Book Review: Natalie Lloyd's 'Problim Children' filled with rollicking adventure, uncanny delights

Natalie Lloyd / Photo from Chapter16.org

Author appearance

* Author Natalie Lloyd will discuss “The Problim Children: Carnival Catastrophe” at Ya-Hoo Fest in Chattanooga on Saturday, Sept. 21. A celebration of young-adult and middle-grades literature, the festival includes readings, book sales, panel discussions and author signings. Events take place 9:30 a.m.-5:30 p.m. at Chattanooga State Community College, 4501 Amnicola Highway. Admission is free, but registration is requested at www.yahoofest.org.

photo Natalie Lloyd / Photo from Chapter16.org

"THE PROBLIM CHILDREN: CARNIVAL CATASTROPHE" by Natalie Lloyd (Katherine Tegan Books, 312 pages, $17).

In "The Problim Children: Carnival Catastrophe," Chattanooga writer Natalie Lloyd resumes the adventures of the seven Problim siblings, each born on a different day of the week and possessing a unique ability to manipulate one aspect of the natural world.

Mona (moon), Toot (air), Wendell (water), Thea (magnetism), Frida (fire), Sal (earth) and Sundae (sun) - together a magically perfect seven - wield an even stronger force when they work together. This second installment of a promised trilogy finds the children safely ensconced in their ancestral home in the community of Lost Cove. They've been happily reunited with their globe-traveling father but are still in search of their equally adventurous mother, whom they believe to be in danger. As they continue to follow the first book's mysterious clues about a lost treasure, family secrets are revealed, and dark forces conspire against the siblings in their quest to fulfill their late grandfather's wishes and bring their mother home.

Because many characters and plot points are continued here, readers are advised to begin with the first volume to fully appreciate Lloyd's unconventional storytelling style and the series' quirky details. For example, the nonverbal Toot, the littlest Problim, continues to express himself only through his farts. There are hundreds of variations (explained in frequent footnotes), ranging from "The I-Want-My-Mommy Fart: Smells like spoiled milk and mashed bananas" to "The Stink of Dread: A fart born of anxiety, foretelling a terrible event. Smells faintly of rotten eggs and vomit."

But it is Mona who takes center stage in Carnival Catastrophe. Despite being "Monday's child" and "fair of face" according to the nursery rhyme, Mona finds her beauty a joke, declaring that being pretty is "the absolute least interesting thing about anyone." She asks, "Who would want to be fair of face when you could be cunning and smart and fearless?" Mona cultivates a Gothic persona, with pale skin, dark clothes and "hair the color of midnight."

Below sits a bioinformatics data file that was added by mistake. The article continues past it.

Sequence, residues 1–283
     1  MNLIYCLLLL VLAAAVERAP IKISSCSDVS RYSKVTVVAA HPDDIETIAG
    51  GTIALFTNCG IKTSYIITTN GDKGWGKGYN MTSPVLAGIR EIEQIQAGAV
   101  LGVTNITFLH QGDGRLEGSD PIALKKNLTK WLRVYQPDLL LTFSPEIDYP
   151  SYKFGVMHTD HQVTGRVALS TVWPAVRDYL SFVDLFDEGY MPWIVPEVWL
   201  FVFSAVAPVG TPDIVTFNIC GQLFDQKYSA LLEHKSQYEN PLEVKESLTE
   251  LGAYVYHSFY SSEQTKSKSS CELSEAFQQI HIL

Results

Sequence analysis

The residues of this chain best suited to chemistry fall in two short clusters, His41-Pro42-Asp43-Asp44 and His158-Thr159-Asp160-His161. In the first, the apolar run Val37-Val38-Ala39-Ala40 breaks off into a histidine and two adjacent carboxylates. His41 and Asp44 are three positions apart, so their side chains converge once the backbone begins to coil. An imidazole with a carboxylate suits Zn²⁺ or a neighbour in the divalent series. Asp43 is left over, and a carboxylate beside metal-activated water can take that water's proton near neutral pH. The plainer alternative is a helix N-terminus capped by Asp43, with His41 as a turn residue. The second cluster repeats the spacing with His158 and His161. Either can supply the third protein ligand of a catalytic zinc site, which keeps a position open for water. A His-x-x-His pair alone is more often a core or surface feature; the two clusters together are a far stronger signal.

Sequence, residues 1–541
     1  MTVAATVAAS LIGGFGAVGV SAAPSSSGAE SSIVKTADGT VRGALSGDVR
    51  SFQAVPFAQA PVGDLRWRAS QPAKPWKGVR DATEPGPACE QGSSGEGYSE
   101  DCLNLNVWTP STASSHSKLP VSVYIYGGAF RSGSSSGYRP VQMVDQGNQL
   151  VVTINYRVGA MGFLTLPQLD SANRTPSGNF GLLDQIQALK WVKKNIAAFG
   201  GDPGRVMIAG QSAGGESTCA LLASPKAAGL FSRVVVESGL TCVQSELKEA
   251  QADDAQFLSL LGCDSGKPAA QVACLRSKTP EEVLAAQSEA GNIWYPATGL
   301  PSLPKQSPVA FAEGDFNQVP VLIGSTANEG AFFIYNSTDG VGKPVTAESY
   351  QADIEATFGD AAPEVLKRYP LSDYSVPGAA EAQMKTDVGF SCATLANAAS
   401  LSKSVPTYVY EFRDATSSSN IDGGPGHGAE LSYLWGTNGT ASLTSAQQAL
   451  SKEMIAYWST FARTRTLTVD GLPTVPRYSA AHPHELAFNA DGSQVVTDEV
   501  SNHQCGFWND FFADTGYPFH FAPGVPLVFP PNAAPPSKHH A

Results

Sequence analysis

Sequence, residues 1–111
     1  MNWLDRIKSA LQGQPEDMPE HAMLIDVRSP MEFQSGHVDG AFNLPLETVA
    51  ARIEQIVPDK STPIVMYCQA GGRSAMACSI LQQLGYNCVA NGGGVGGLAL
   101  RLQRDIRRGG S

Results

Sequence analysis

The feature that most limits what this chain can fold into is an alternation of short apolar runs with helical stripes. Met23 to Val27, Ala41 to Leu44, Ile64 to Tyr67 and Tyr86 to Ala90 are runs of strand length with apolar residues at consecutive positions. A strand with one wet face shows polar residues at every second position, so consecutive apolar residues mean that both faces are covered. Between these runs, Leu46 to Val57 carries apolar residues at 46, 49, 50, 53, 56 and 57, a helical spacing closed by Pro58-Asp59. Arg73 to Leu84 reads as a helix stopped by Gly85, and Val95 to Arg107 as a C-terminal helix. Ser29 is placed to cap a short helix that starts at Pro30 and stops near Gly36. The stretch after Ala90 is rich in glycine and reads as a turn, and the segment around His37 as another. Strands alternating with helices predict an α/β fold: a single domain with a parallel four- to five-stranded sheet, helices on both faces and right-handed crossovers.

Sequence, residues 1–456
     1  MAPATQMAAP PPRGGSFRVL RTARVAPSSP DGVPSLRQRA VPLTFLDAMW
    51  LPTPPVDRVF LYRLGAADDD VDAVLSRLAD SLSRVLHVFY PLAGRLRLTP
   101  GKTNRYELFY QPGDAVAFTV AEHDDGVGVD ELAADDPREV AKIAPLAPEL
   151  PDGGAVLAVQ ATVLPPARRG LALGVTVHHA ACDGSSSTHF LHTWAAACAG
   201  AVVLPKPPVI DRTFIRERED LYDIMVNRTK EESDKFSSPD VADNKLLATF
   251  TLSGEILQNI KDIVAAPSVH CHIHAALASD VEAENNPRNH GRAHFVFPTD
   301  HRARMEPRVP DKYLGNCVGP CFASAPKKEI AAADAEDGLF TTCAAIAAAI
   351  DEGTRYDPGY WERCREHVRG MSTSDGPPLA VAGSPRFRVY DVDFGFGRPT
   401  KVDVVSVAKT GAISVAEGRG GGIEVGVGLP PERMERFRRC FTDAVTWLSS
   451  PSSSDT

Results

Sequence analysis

photo "The Problim Children: Carnival Catastrophe" by Natalie Lloyd / Photo from Katherine Tegan Books

Her interests include caring for her pet Venus flytrap, wishing on lightning, howling at the moon, pranking her brothers and sisters and keeping everyone safely at arm's length. Everyone, that is, except her father, with whom she shares a strong bond. He's the one who encourages Mona to look for the good in people, even in her No. 1 nemesis, next-door neighbor Carly-Rue O'Pinion.

The annual Lost Cove Corn Dog Carnival, complete with a doughnut cannon, a gigantic sequined corn dog and the Corn Dog Princess pageant, provides the perfect backdrop of smells, sounds, sights and wonders for the colorful chaos that ensues whenever the Problim children let loose. When Mona discovers that the prize for winning the pageant is a free trip to the nearby Pirates' Caverns - where she believes clues to her mother's location may lie - she decides to put her natural disdain aside and enter, despite the fact that she'll be pitted against Carly-Rue, who has never lost. In fact, all the Problims enter carnival contests based on their own unusual talents, with surprising and highly entertaining results.

There is often a sweetly whimsical quality to Lloyd's prose. "Twilight is a dependable dance partner," she writes, "waltzing through the woods wearing a gentle breeze, enchanting everything in its path." Yet she balances that softness with earthy humor, twisty surprises and an age-appropriate amount of darkness and danger. The result is a beautifully uncanny world that also delivers a rollicking adventure story. In "The Problim Children: Carnival Catastrophe," Natalie Lloyd weaves disparate elements - startling visions and family secrets, tantalizing puzzles and nefarious villains, strange creatures and magical powers and even a delightful nod to Flannery O'Connor - into the perfect balance of sweet and tart, lyrical and hysterical, suspenseful and thoughtful and just plain fun.

For more local book coverage, visit Chapter16.org, an online publication of Humanities Tennessee.